Loads of fish with pointy noses around the boat this early morning as I leapt in for a swim to check for any damage on the propeller of the dinghy; it was really clear water and not a shark to be seen. Fortunately, there is a skeg in front of the prop itself which took most of the impact from running aground last night and there is no damage to the dinghy itself although it was looking a bit sorry for itself in its partially deflated state.

We ventured ashore again later on to go for a walk, had a look around a church and eyeballed in detail the entrance to the lagoon for our exit on Saturday and the state of the tides - there are some vicious looking overfalls but this morning these were not evident at all as the water was around slack tide - the time to go. We walked around the other side of the headland and found another general store where we loaded up with more crisps (!). However, it turns out that this store also stocked some chandlery purely by chance and indeed they had some contact adhesive for PVC - we can now do a repair on the dinghy as the brand new tube of glue in the puncture repair kit had gone hard and is completely useless.

We also found another café bar place and had barbecued chicken or steak and chips for lunch and a beer at a very reasonable price before going for a paddle and a swim off the beach where we had left the dinghy. Even Wendy went in and saw some of the coral and fish just off the beach. On the way to the beach we stopped a lady peddling her ice cream cart along the road gaining attention by honking her horn and tingling her bell, not a sight we were expecting that's for sure, a manual version of "Mr Whippy". The size of her would suggest it was a one for you one for me policy as a way of keeping cool whilst peddling along, but she was very jolly.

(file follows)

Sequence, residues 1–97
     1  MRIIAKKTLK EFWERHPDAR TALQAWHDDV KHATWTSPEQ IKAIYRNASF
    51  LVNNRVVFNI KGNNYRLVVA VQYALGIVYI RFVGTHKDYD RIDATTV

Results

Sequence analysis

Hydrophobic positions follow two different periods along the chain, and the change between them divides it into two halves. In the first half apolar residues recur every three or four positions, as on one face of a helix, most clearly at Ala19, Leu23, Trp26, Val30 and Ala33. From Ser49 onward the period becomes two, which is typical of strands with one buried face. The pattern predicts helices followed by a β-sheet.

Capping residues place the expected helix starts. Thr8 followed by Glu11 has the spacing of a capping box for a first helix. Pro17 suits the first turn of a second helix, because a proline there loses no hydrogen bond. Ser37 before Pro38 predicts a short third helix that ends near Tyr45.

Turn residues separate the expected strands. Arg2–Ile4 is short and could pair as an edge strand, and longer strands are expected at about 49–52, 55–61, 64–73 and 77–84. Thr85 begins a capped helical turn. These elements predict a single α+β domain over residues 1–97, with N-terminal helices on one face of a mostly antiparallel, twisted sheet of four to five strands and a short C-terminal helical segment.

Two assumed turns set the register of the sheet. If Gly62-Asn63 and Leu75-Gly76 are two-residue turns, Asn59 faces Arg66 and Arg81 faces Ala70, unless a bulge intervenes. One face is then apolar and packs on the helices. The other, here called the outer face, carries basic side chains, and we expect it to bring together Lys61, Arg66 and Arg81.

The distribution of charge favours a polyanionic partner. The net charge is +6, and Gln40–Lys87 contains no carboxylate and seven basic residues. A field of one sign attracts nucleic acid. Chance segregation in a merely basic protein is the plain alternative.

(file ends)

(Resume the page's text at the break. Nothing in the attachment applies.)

Back to the boat and Trevor, Dave and myself grabbed our snorkel gear and headed to the lagoon entrance in the dinghy and did a drift dive from the town quay. The channel goes really deep very sharply so it was difficult to see through the deeper water but it shelves quickly into coral banks with plenty of tropical fish and quite a few car tyres too - treading water (sorry). The current was not strong and took us around the corner of the quay towing the dinghy very gently. I brought Dave's attention to a conga eel sitting under a rock minding its own business but it looked me in the eye and I was off pretty smartish! Then once around the corner I noticed five magnificent black Rays swimming along gracefully, contrasted against the sand bottom, almost in perfect formation. They were huge creatures. Unfortunately there was all sorts of evidence of littering of the seabed with more tyres, a couple of bicycle wheels, a bike frame, a few bottles etc but the coral looked healthy enough. By now the tide had turned and swimming back to the boat became a bit of an effort as it was a long way but made it eventually. Only two sharks did I see all day and those were a way away.

During the evening we had a couple of rain squalls which came over; most had missed us during the day thankfully and we had been lucky in this respect. This I suppose is all part of the forecast weather system coming into our area supposedly today and tomorrow before clearing Saturday. I hope it doesn't rain too hard tomorrow as tomorrow there is a big canoe race here. First prize is 150,000 CFP ($1,500). The course starts at the Plage de Publique down the other end of the atoll and along to Avatora quay passed our boat and back again, so we should get a good view. We have seen a couple of these race boats on shore and they are proper pieces of kit: glass fibre, faired down hull and outrigger, down to weight, for six oarsmen - big boys toys. Given the level of prize money the Mischief team are thinking of getting the dinghy pumped up hard and entering me in the race - we only have one oar after all. We'll see how far I get before it deflates.